Originally Posted by 22B
We're not going to get involved in this non-academic busy-work arms-race. My kids can focus on academics to the extent they want to, and can do whatever else they want for fun and fulfilment.

But the preparation for university should be academic.

22B, I'm not even close to an "arms-race" parent - re extracurriculars *or* academics. My oldest children are in middle school, and the way that the look forward to college impacts us is limited primarily to thinking about where their areas of interest are leading them and to financial planning. I do, however, do what I can to provide opportunities for my children to have meaningful extracurricular activities - because, jmo, academics can't be their everything - having a physical activity they can enjoy throughout their life is important, having hobbies that bring them joy is important, and having opportunities to be a part of a group of whatever (hobbyist, sport, etc) is also something that I see as important in life. My kids may be smarter than many other kids, but it's not just brains and academics that make for success in life, either in college or beyond - and that's the reason that most kids I know - in my little corner of the US - participate in activities outside of school.

When I went to college (back in the dark ages now lol!), the applications all included questions about extracurriculars etc. The school I ultimately went to (a well-respected highly competitive-admissions , extremely rigorous STEM university), was very up front in acknowledging their belief that the incoming students who had the most potential for success at their school were *not* the students who were strictly straight-A high IQ students, but were rather the students who had other things in their life than "only science" and "only straight As" etc, and jmo, but that vision definitely played out among the students I knew well in college. FWIW, I suspect that most of the kids I was in college with were at the very least MG.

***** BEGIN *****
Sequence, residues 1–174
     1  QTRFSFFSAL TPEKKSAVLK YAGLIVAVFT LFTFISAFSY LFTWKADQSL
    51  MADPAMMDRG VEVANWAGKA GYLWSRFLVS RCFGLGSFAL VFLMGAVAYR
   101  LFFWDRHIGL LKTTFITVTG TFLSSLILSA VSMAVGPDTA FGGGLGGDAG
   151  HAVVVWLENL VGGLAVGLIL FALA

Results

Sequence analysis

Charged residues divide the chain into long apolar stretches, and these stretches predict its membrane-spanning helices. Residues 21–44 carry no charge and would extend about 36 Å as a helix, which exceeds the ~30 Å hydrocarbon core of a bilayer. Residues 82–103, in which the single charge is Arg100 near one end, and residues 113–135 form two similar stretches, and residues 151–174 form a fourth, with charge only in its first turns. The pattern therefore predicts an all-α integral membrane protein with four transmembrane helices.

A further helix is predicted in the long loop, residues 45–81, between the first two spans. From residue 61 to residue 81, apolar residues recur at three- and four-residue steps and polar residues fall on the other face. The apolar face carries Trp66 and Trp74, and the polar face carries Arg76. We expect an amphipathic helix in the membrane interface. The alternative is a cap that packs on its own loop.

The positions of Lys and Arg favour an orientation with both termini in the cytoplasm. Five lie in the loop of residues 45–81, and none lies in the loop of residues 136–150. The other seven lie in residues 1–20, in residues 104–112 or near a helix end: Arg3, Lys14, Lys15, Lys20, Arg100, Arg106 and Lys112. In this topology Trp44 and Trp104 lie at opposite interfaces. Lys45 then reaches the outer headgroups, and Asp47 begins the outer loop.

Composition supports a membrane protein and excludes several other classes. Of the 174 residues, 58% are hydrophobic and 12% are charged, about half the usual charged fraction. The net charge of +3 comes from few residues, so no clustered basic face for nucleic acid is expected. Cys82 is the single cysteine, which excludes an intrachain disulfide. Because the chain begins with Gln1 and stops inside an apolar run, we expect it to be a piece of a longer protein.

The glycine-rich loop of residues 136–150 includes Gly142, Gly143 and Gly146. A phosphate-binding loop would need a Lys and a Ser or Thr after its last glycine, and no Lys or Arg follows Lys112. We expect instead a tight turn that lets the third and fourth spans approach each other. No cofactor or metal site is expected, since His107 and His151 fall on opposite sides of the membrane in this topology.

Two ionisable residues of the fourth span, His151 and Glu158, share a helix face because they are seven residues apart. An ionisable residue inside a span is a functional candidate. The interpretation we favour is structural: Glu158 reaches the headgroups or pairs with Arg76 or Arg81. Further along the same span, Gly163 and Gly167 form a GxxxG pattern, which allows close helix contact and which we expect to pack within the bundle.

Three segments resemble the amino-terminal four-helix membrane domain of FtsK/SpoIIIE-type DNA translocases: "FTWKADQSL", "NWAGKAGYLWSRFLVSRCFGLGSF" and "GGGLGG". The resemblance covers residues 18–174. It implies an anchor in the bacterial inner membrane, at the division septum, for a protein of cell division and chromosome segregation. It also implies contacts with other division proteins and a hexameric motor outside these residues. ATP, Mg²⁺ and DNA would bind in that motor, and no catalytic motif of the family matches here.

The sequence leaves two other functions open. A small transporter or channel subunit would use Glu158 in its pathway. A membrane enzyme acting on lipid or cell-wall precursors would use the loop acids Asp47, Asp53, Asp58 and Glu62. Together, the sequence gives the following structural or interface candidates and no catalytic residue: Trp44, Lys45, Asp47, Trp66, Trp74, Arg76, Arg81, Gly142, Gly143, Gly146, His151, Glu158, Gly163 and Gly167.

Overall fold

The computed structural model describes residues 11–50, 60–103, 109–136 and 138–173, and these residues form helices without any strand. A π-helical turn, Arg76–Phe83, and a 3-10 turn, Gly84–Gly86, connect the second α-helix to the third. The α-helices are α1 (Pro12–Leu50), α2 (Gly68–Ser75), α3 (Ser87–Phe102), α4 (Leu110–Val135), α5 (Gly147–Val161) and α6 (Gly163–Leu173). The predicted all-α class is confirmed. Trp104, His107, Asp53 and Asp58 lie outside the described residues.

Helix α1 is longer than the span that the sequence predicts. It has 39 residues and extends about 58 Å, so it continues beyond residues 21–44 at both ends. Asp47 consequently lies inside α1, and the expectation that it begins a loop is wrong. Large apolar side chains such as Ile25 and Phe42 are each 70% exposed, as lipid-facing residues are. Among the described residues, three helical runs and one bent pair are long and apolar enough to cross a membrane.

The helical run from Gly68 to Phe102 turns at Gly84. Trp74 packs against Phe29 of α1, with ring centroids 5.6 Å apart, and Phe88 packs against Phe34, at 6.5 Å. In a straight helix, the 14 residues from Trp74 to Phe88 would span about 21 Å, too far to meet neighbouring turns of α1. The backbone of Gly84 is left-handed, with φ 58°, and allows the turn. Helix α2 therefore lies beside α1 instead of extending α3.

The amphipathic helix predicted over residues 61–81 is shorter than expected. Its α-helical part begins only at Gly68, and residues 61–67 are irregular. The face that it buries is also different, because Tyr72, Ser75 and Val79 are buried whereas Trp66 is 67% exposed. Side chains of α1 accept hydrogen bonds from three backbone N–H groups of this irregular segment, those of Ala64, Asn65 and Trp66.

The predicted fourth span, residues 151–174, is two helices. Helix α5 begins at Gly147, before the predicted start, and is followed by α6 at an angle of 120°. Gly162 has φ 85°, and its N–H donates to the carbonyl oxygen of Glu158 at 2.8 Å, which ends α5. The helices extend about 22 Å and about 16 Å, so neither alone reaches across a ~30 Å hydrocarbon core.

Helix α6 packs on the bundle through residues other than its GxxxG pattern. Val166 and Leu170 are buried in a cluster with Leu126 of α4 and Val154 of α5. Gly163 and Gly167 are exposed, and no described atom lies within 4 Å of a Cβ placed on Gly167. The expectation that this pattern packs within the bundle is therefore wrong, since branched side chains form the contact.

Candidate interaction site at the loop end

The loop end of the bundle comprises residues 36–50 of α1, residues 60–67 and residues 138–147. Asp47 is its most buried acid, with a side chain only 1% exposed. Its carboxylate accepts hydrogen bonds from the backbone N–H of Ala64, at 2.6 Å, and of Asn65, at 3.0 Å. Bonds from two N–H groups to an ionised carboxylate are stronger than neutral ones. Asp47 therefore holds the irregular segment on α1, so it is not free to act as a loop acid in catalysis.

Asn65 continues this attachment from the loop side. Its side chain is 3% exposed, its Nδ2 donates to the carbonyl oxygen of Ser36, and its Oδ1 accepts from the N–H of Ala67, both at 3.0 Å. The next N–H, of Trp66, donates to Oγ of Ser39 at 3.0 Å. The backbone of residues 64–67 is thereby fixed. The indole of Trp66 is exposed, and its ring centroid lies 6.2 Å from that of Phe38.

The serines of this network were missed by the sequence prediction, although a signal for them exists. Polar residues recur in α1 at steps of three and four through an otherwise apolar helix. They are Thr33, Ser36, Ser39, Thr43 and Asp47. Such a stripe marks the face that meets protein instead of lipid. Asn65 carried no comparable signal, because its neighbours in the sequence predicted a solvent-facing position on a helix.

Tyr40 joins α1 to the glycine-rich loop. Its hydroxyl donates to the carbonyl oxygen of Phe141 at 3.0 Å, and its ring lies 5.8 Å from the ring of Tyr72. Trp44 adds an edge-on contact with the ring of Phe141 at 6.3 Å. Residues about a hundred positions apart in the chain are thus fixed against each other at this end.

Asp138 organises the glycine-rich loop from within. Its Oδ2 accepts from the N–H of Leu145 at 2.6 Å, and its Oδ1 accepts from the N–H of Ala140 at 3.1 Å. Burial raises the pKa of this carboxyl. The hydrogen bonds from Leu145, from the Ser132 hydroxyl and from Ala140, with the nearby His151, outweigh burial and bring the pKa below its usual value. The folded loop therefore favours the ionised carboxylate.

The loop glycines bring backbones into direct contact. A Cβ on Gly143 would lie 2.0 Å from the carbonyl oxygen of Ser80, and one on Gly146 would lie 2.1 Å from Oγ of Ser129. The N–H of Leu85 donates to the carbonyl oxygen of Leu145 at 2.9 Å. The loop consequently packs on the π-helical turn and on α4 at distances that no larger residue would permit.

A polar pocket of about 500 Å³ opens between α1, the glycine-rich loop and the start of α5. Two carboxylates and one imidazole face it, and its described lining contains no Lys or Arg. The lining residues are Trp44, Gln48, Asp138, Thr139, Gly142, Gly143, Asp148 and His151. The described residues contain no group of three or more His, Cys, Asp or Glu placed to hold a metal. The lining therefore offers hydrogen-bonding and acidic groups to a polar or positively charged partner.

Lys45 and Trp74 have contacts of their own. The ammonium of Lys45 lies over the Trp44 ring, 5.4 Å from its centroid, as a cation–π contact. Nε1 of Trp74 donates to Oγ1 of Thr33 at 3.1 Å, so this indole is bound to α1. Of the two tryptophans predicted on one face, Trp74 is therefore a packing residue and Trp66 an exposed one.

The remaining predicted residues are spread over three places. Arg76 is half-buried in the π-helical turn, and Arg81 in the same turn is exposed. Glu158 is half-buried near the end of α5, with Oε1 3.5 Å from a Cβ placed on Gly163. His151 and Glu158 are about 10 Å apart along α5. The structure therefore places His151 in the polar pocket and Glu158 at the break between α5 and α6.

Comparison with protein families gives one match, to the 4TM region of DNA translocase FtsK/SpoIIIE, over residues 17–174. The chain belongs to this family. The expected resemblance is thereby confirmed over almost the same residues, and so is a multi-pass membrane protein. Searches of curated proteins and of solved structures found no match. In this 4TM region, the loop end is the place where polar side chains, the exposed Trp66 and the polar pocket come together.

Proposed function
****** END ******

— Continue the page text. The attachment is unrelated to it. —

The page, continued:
Once we were at the end of the universtiy experience, and interviewing for our real-world jobs, there once again was the question of extracurriculars - and I know it was considered - I looked at it myself later on in my career when interviewing candidates for jobs coming out of university.

I wouldn't purposely choose my kids' outside-of-school activities to ty to pad a college resume, but I do believe they are important in their lives - and that's how most of the parents I know have approached parenting... including my non-tiger-mom friend who is sending her dd off to MIT this year smile

Best wishes,